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Died November 7

by Legacy Staff

Many celebrities have died on November 7, but historically it’s been a particularly bad day for boxers. See all the boxing legends and other famous faces who have died this day in history.

Many celebrities have died on November 7, but historically it’s been a particularly bad day for boxers. See all the boxing legends and other famous faces who have died this day in history.


Roy Halladaytwo-time Cy Young Award winner who pitched for the Phillies and Blue Jays, dies at the age of 40 when his private plane crashes.



LEONARD COHEN, the legendary Canadian singer-songwriter best known for his song “Hallelujah,” dies at 82. The writer and performer of classics including “Suzanne” and “Everybody Knows,” Cohen tackled subjects like religion, isolation, and love in his music as well as his poetry. Read more


JANET RENO, former United States attorney general who served under President Bill Clinton, dies at 78. Reno was the first female attorney general and the second longest-serving attorney general after William Wirt. Read more






PAUL MANTEE, U.S. actor who starred in the cult classic “Robinson Crusoe on Mars,” dies at 82.



CARMEN BASILIO, U.S. professional welterweight and middleweight boxing champion, dies of pneumonia at 85. Basilio was among the first class of hall of fame inductees in 1990, a group that included Sugar Ray Robinson, Muhammad Ali, Rocky Marciano, Joe Louis, and Jake LaMotta. His career ended in 1961 with a 56-16-7 record that included 27 knockouts. Read more




JOE FRAZIER, U.S. professional heavyweight boxing champion, dies at 67. Before all those world-famous bouts, before Frazier became Smokin’ Joe and gained world fame, he was an Olympian. Frazier was sent to the 1964 Tokyo Olympics as a replacement for heavyweight Buster Mathis, who had injured himself. Frazier distinguished himself quickly, knocking out his early competitors with ease. In the semifinal against Russian Vadim Yemelyanov, Frazier broke a thumb in the second round … but he still managed to knock out his competitor. With no more medical assistance than soaking the thumb in Epsom salts, Frazier went on to win the final. The gold medal was his. Read more



BRYAN PATA, U.S. college football player at the University of Miami, is shot and killed at 22 after leaving practice. Read more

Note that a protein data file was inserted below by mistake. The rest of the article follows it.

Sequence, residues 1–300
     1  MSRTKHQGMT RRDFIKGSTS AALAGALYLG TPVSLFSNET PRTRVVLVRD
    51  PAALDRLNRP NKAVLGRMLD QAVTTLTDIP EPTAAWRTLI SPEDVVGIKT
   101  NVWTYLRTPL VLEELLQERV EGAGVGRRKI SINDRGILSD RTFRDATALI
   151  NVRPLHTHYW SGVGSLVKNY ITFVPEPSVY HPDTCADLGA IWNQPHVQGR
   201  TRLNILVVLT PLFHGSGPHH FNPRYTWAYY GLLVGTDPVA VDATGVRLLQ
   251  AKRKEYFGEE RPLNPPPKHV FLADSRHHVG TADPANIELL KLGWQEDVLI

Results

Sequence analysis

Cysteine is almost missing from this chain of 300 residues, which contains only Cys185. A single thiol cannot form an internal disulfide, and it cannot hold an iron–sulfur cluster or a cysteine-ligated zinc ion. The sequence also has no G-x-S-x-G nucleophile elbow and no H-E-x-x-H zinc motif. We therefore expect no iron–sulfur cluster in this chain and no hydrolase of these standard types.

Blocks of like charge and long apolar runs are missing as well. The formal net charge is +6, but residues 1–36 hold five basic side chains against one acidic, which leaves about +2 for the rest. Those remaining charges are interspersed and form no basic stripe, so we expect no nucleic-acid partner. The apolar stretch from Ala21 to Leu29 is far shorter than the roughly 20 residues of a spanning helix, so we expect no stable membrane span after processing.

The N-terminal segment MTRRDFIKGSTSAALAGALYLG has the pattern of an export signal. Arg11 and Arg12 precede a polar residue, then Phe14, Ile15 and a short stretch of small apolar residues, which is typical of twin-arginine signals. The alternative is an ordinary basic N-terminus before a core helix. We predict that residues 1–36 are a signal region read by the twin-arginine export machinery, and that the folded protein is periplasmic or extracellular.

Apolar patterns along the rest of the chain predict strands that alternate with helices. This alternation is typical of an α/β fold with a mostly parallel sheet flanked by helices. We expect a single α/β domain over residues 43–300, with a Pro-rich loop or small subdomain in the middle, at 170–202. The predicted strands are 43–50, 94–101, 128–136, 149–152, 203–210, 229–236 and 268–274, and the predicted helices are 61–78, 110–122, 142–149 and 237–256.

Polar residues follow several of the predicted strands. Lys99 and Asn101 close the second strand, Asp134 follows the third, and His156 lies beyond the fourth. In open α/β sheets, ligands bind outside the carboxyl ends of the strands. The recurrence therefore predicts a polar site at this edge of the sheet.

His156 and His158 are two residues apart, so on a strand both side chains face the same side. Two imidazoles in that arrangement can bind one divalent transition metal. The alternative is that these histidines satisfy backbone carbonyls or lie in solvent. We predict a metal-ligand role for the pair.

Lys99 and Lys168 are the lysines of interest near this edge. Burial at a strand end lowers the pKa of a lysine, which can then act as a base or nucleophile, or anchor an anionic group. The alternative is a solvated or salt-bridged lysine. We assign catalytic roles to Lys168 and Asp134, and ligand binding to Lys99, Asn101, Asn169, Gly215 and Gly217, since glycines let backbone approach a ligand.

JOHNNY SAIN, U.S. Major League Baseball pitcher, dies at 89. Sain’s best year was 1948, when he and Hall of Famer Warren Spahn led the Boston Braves to the World Series, where they lost to Cleveland. It was during that season when the famous saying was born: “Spahn and Sain and pray for rain.” Read more





HOWARD KEEL, U.S. actor and singer, dies at 85. Keel’s size and lusty voice made him an ideal leading man for such stars as Esther Williams (“Pagan Love Song,” “Texas Carnival,” “Jupiter’s Darling”); Ann Blyth (“Rose Marie,” “Kismet”); Kathryn Grayson (“Show Boat,” “Lovely To Look At,” “Kiss Me Kate”); and Doris Day (“Calamity Jane”). His own favorite film was the exuberant “Seven Brides for Seven Brothers,” according to his obituary by The Associated Press. Read more





MELVIN “SLAPPY” WHITE, U.S. comedian, dies of a heart attack at 74.



MILTON “SHORTY” ROGERS, U.S. jazz trumpeter, dies at 70.



ADELAIDE HALL, U.S. jazz singer who performed with Louis Armstrong, Lena Horne, and Cab Calloway, dies at 92 of an infection after a fall.



JACK KELLY, U.S. actor who played Bart Maverick on the “Maverick” television show, dies of a stroke at 65.



STEVE MCQUEEN, U.S. actor whose films include “Tom Horn” and “Bullitt,” dies of cardiac arrest following cancer surgery at 50. While McQueen lived, he was one of America’s favorite anti-heroes. The actor and daredevil brought us some of our favorite on-screen car chases, performing his own stunts whenever possible. And his devil-may-care personality – which led him to quit acting at the height of his popularity in favor of racing motorcycles – sealed the deal. He was one of the coolest guys around. Read more



GENE TUNNEY, U.S. professional heavyweight boxing champion from 1926 to 1928, dies at 81.



ELEANOR ROOSEVELT, U.S. first lady and the wife of President Franklin D. Roosevelt, dies at 78. Roosevelt was one of the most-admired first ladies of all time … and in the 50 years since her death, she has been endlessly quoted – no surprise, considering how very quotable many of her wise words were. Anyone with more than a few friends on Facebook has probably seen this much-loved Rooseveltism crop up: “No one can make you feel inferior without your consent.” Read more





HANNAH SZENES, Hungarian Jewish poet and paratrooper, is executed at 23 by Nazi Germany.






DWIGHT FRYE, U.S. actor known best for starring as Renfield in the horror classic “Dracula,” dies of a heart attack at 43.

Discover notable people who were born this day in history including TV actress Dana Plato.

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